Outline and review of arguments and controversies generated by Richard Dawkins’ The God Delusion:

Right from the publication of his first major work “The Selfish Gene Theory”, Richard Dawkins is never free of controversy.  While Dawkins is impeccable as a scholar and an academic, most of his detractors are from the religious and conservative sections of the population.  Over the years, Dawkins’ works on evolutionary biology have drawn equally vociferous applause and protest.  The last in the sequence of his seminal works is “The God Delusion”.  In this book, Dawkins strings together powerful arguments in support of a god-free or atheistic way of life.  The rest of the essay will delve into the different faces of this scholarly piece of literature in an attempt to gain insights into the arguments and controversies raised by it.

Dawkins writes with such passion that he declares that to be an atheist is a “brave and splendid aspiration”.  He argues that belief in a religious faith is not only a folly but a sinful one.  When explaining to his readers where he stands in the atheist/theist spectrum, Dawkins states “I cannot know for certain but I think God is very improbable, and I live my life on the assumption that he is not there.”  In other words, Dawkins’ atheism borders on agnosticism.  An informed reader will find parallels between Dawkins and Bertrand Russell, the latter being an avowed agnostic.  Similar to the yesteryear intellectual, Dawkins reasons that all suppositions for the existence of God need to be discredited.  Once this is done, arguments supporting the opposing belief (that God does not exist) can be much easier to construct.  Following this logical step, the transcendent qualifiers of religious beginnings need to be questioned.  Finally, Dawkins proposes that the highest meaning and purpose to a human life could be achieved without involving supernatural conceptions.  Further, religion has been the root of much violence and conflict in the history of mankind than any other institution (Baltimore, 2007).

However, not all of Dawkins’ arguments are acceptable to all sections of his audience.  For example, two arguments in support of traditional views on existence of God are: 1.the “ontological argument”, which says that God exists as a perfect entity by default; 2.and the “cosmological argument” which states that God is the ultimate cause of this universe.  Dawkins’ counter arguments to both these points of view are relatively weak in what is otherwise an excellently constructed set of arguments in the book.  So is his engagement in opposition to the “design argument”.  Similarly, Dawkins makes the mistake of presuming that people come to believe in religious faiths based on rationality and logical thinking.  So, while Dawkins’ logic is brilliant and impregnable, the subject being dealt with is not strictly confined to the scientific realm (Matthies, 2006).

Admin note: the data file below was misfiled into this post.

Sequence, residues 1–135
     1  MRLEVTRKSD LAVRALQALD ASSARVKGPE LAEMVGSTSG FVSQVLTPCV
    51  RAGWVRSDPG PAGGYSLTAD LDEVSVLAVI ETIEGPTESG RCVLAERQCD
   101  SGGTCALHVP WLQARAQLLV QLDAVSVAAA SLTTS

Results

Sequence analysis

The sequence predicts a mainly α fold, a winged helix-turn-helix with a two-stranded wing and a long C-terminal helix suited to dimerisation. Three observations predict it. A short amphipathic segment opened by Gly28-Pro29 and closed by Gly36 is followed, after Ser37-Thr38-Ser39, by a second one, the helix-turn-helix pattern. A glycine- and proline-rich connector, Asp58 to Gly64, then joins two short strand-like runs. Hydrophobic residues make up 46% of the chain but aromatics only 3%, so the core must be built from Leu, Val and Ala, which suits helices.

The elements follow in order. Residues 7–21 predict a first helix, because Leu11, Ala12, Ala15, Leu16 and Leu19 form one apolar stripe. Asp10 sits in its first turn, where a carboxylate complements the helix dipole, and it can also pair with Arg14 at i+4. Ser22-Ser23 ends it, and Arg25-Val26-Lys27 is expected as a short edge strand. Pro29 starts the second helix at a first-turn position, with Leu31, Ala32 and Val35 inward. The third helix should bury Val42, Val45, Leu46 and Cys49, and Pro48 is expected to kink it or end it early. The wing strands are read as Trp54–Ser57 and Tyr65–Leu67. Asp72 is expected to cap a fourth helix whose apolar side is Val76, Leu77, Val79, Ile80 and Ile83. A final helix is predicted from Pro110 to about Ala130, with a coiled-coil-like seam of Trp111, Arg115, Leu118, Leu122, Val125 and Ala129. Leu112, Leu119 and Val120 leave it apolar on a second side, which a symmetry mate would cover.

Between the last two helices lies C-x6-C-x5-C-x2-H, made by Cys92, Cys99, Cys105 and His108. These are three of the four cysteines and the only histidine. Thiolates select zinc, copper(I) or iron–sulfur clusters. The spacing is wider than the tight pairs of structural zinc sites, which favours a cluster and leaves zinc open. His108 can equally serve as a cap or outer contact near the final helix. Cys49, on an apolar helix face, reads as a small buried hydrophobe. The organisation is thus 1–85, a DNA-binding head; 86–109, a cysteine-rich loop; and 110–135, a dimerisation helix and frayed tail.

Further, Dawkins puts forth what could be called the central argument of this polemical work.  Dawkins challenges the theologians with this question:

 “So, who made God?  God cannot be the ultimate creator for any God capable of designing a universe, carefully and foresight fully tuned to lead to our evolution, must be a supremely complex and improbable entity that needs an even bigger explanation than the one he is supposed to provide. Hence the God hypothesis is very close to being ruled out by the laws of probability.” (Gefter, 2007)

Neat and clever the arguments may be, but many merits of the book are overshadowed by the controversies that it attracts. A sentiment expressed by many reviewers is the lack of reverence Dawkins shows to the religious philosophers in general and Judeo-Christian luminaries in particular.  For example, he uses the following adjectives to describe the Christian God: “a misogynistic, homophobic, racist, infanticidal, genocidal, filicidal, pestilential, megalomaniacal, sadomasochistic, capriciously malevolent bully”.  However, it has to be understood that Dawkins has no personal hostility to the Judeo-Christian school of thought.  But since his audience is predominantly European and American, he chooses to pay attention to this one religion for reasons of convenience.  Nevertheless, this is not understood by the large number of critics who accuse him of hurting the sentiments of millions of people through the accusations that he makes of their religious faith (Trevor, 2007).

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